The month of Halloween October is upon us, which means there’s yet another month of new releases and seasonal classics to get watching. We’re here to serve up a carefully curated list of films– new and old– that’ll get you into the October spirit.

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1. “The Final Girls” (release date: Oct 9), dir. Todd Strauss-Schulson

Can we take a moment to appreciate the overwhelming talent that this movie is bursting with? The Final Girls stars Taissa Farmiga, Malin Akerman, Adam DeVine, Nina Dobrev, Alia Shawkat, and Thomas Middleditch, which is already reason enough to watch the film. However, this inventive comedy-horror film plays more like a modern-day retelling of “Scream.” Screenwriters M.A. Fortin and Joshua J. Miller constantly work in imaginative twists to the dilemma at hand while offering insightful commentary on horror films.

For fans of: “Scream,” “Shaun of the Dead,” and “Army of Darkness”

2. “Apocalypse Now” (1979), dir. Francis Ford Coppola


Celebrate (ha) Columbus Day with screenwriter John Milius and director Francis Ford Coppola’s updated version of Joseph Conrad’s Heart of Darkness, the classic novella about imperialism. The era-defining film is set during the Vietnam War and stars Robert Duvall, Martin Sheen, and Marlon Brando in one of his final performances. Apocalypse Now is a dark-humored war film that offers biting subtext about colonialism, capitalism, and morality.

Notable quote: “I love the smell of napalm in the morning.”

3. “Dead Poet’s Society” (1989), dir. Peter Weir


October is home to National Poetry Day (Oct 8 in the UK) and National Poetry Week (the second week of the month in the US). Dead Poet’s Society perfectly encapsulates teenage angst, following your dreams against your parents’ wishes, and learning to be comfortable in your own skin. Featuring knockout performances from a young Ethan Hawke, Robert Sean Leonard, and the late Robin Williams, the film comes together as an expression of rebellion through language. Sure, the film is literally a bunch of straight white dudes, but the writing, direction, and performances will resonate with anyone who’s ever experienced existential crises or angst (so basically, anyone who’s been a teenager).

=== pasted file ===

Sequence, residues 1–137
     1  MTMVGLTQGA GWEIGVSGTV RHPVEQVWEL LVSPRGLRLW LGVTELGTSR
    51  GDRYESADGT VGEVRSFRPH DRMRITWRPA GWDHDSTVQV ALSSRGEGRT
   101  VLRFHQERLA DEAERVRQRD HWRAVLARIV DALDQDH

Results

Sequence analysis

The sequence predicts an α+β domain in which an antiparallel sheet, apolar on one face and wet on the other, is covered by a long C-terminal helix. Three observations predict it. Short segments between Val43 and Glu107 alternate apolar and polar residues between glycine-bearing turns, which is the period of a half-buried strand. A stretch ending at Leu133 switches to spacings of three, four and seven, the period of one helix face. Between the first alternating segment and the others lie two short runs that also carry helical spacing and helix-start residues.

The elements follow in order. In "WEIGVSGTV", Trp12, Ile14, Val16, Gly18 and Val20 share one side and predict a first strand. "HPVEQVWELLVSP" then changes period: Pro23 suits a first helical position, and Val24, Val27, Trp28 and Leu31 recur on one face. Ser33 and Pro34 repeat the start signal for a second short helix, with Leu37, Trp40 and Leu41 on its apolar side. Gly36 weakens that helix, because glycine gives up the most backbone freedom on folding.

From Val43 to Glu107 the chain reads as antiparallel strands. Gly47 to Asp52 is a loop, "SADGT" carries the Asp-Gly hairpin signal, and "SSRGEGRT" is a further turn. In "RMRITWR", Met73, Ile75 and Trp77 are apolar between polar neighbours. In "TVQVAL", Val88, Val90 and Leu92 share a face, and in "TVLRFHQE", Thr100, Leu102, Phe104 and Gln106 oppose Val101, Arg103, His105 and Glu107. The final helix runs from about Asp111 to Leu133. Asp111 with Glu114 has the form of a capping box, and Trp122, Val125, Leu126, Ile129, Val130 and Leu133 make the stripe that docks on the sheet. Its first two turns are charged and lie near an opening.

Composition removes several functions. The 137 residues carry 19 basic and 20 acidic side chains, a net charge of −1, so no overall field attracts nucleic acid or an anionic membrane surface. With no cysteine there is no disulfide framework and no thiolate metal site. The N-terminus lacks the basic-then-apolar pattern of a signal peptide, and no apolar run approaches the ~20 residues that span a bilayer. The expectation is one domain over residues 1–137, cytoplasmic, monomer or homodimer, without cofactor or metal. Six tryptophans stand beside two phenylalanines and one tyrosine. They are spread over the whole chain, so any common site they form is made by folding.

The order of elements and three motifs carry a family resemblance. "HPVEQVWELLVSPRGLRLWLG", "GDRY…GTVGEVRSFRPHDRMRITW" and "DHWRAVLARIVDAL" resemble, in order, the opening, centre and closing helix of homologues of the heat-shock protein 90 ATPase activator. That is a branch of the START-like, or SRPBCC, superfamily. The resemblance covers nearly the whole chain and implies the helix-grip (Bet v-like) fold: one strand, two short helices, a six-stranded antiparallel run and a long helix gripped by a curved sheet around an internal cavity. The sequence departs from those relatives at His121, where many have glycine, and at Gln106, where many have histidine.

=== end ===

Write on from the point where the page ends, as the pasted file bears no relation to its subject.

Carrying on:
Notable quote: “We don’t read and write poetry because it’s cute. We read and write poetry because we are members of the human race. And the human race is full of passion. Medicine, law, business, engineering– these are noble pursuits and necessary to sustain life. But poetry, beauty, romance, love, these are the things we stay alive for.”

4. “The Wonders” (release date: Oct 30), dir. Alice Rohrwacher

Italian director Rohrwacher crafts this coming-of-age story about a family of beekeepers and their teenage daughter who tries to keep everything together. In tradition of Italian neorealism, the film allows itself to unfold at an unhurried pace, but is undercut with an urgency to the central family’s situation. The lead performance by young newcomer Maria Alexandra Lungu is understated and nuanced. A telling story on poverty, family, and adolescence, The Wonders this month’s not-to-miss indie. ‘

For fans of: “Ordinary People,” “Rachel Getting Married,” and “Revolutionary Road”

5. “Rosemary’s Baby” (1968), dir. Roman Polanski


Rosemary’s Baby is the classic creepy film that is beautifully shot, written, and performed, making it an essential addition to any Halloween movie marathon. Mia Farrow plays the eponymous Rosemary with such innocence and sweetness, that it makes the atrocities happening around her all the more horrifying. That final scene will haunt you long after the film is over; not for what you do see, but for what you don’t.

Notable quote: “What have you done to him? What have you done to his eyes, you maniacs?”

6. “Hocus Pocus” (1993), dir. Kenny Ortega


Us too, Bette Midler. Us too.

I mean, obviously.


Channel your inner April Ludgate this October.

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  • Shayan Farooq

    Shayan was creating mini documentaries profiling Pacific Asian artists for the USC Pacific Asia Museum of Pasadena. You can follow her on Twitter, but not in real life.